The concert of the Berlin Philharmonic on Sunday, August 31st, concluded the Salzburg Festival 2008 – and it concluded it in style. Simon Rattle presented his band with Wagner’s Prelude and Liebestod from Tristan & Isolde followed by Olivier Messiaen massive Tristan-inspired spectacle of color and sound, theTurangalîla Symphony for Solo Piano, ondes Martinot, and large orchestra.
Love was the theme, in either case, and there was plenty love in the Berliner’s playing: Absolute evenness in the continuous build-up of the Tristan Prelude was achieved with tension and volume being increased at such a minimal gradient and with such consistency that it wasn’t noticeable — only felt. This was perfection in conceptualization and execution, scarcely doable with but a handful of orchestras.
The swelling and receding, the thrillingly gentle pianissimos, the falling and lifting of the Liebestodwas no less nuanced. It encapsulated the essence of ‘smooth’ without a hint of glibness. And all in the Berlin Philharmonic’s terrific, involving sound in the Large Festival Hall.
It is hard to say if this was a typical ‘Berlin’ sound – not the least because bands are known to play better on the road. But it was stunning to hear – and stunning to hear how nothing on Sir Simon’s recent recordings with this orchestra – nothing at all – suggests what they can really sound like.
Hearing the Berlin Philharmonic in this program of traditional as well as (relatively) new repertoire, it became clear why the orchestra has voted to reaffirm and extend Rattle’s contract last April. At the same time, it was a vital reminder that recorded output can give a hint of an orchestra’s and its conductor’s quality, but that it need not necessarily give an accurate impression.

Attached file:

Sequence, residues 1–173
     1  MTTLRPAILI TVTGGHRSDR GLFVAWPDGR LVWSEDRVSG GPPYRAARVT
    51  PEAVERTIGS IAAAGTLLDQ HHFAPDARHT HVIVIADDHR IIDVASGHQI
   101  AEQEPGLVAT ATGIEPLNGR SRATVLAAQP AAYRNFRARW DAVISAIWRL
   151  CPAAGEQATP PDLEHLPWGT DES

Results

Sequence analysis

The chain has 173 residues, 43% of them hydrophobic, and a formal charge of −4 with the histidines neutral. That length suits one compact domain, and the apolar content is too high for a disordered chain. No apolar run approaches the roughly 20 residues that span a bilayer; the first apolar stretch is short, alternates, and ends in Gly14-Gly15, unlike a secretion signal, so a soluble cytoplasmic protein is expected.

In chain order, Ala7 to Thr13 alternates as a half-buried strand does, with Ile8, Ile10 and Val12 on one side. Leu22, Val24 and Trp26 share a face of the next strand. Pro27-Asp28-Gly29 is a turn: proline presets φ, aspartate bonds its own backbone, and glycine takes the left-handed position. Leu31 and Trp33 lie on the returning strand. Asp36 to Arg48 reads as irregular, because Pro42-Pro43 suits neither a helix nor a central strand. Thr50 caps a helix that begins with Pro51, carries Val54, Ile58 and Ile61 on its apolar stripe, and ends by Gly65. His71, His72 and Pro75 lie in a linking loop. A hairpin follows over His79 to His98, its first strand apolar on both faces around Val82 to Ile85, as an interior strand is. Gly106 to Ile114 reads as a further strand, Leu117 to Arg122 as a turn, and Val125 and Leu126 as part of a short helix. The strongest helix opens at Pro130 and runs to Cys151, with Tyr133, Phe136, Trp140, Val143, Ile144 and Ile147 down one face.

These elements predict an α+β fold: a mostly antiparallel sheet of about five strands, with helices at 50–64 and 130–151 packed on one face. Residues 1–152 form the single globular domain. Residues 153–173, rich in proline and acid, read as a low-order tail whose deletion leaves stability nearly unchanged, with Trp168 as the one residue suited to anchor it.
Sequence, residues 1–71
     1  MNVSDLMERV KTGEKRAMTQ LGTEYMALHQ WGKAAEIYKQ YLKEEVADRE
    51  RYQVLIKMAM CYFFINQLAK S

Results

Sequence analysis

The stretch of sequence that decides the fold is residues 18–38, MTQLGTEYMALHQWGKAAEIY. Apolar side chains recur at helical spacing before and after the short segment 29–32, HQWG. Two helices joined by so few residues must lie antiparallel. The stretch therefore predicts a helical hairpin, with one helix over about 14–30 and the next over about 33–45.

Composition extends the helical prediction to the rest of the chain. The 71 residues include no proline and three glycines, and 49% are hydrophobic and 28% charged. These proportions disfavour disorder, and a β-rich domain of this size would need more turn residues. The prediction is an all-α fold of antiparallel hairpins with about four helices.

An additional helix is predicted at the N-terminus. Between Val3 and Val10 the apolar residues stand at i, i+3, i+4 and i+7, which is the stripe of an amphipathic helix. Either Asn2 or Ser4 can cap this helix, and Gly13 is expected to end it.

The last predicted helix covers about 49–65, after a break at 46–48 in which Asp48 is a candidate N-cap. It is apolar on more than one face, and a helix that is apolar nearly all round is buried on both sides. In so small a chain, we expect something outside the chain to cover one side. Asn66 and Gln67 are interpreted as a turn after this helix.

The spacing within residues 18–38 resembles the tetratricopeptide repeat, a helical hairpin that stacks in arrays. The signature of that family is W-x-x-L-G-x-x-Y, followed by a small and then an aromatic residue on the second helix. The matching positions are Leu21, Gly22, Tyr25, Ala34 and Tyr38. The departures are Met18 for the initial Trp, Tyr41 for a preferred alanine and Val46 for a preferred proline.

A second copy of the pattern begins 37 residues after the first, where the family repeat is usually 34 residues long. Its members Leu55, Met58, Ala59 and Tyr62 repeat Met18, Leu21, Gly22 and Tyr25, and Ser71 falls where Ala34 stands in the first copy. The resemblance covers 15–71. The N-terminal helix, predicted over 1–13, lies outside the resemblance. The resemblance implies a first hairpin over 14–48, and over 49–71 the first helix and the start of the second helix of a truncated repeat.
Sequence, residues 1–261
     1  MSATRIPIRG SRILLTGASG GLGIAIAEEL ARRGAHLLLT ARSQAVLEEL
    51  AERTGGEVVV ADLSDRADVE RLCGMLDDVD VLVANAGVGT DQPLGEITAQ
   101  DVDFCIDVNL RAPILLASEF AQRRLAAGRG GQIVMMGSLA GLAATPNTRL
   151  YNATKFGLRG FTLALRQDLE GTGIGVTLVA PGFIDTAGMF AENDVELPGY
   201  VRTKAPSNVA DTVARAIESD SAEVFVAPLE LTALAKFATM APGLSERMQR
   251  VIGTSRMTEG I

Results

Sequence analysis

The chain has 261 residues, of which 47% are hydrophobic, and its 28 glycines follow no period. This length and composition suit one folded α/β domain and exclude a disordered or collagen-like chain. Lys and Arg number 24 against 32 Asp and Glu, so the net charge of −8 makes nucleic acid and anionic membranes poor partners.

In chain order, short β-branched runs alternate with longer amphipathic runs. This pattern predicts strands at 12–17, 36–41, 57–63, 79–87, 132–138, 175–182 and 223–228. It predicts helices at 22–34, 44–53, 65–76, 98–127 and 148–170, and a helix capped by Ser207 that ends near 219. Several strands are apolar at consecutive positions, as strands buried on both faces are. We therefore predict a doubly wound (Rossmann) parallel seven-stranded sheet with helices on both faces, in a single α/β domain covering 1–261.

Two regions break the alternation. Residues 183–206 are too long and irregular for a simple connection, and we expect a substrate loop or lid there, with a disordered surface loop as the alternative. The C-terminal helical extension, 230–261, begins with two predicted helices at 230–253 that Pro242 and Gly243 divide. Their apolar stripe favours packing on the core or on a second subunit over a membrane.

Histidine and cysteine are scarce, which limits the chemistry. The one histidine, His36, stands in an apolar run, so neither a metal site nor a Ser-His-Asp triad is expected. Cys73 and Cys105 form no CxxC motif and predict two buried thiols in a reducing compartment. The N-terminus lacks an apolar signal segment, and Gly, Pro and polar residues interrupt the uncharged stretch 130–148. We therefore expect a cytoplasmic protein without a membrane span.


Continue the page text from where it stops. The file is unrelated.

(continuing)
Messiaen’s 1946-48 Turangalîla, the central part of a triptych on the myth of Tristan & Isolde (“Chant d’amour et de mort” ‘45 and “Cinq rechants” ’48 being the other two), was commissioned by Serge Koussevitsky for the Boston Symphony and premiered in 1949 under the young Leonard Bernstein. Messiaen himself described this long and lovably strange work as “a love song, a hymn to joy”, a ‘fatal, irresistible, transcending love that suppresses everything outside, an overwhelming, superhuman joy’. Words of either religious motivation or Liebestod inspired, and well possibly both. In any case, a worthy work to serve as Salzburg’s nod to the Messiaen centenary.
For all its relation to Wagner’s Tristan, the concept and music of Turangalîla is vastly different. For one, the “amour impossible” both composers deal with in these works seemed insurmountable to Messiaen at the time of writing – it became possible only 13 years later, when Messiaen married Yvonne Loriod (soloist at the premiere of this work) after the death of his first wife. Wagner, in contrast, took such amorous impossibilities merely as theoretical concerns and discarded them when no longer convenient, necessary, or tenable. In real life, Wagner more or less seized what he wanted, and even in his operas emotional suffering is more of a sport than cause for consternation. There’s scarcely a convention, rule, or law that he won’t let his heroes break, if it’s for love. For the catholic Messiaen, “No” actually meant “No”; his yearning is in that sense more truthful than assertive.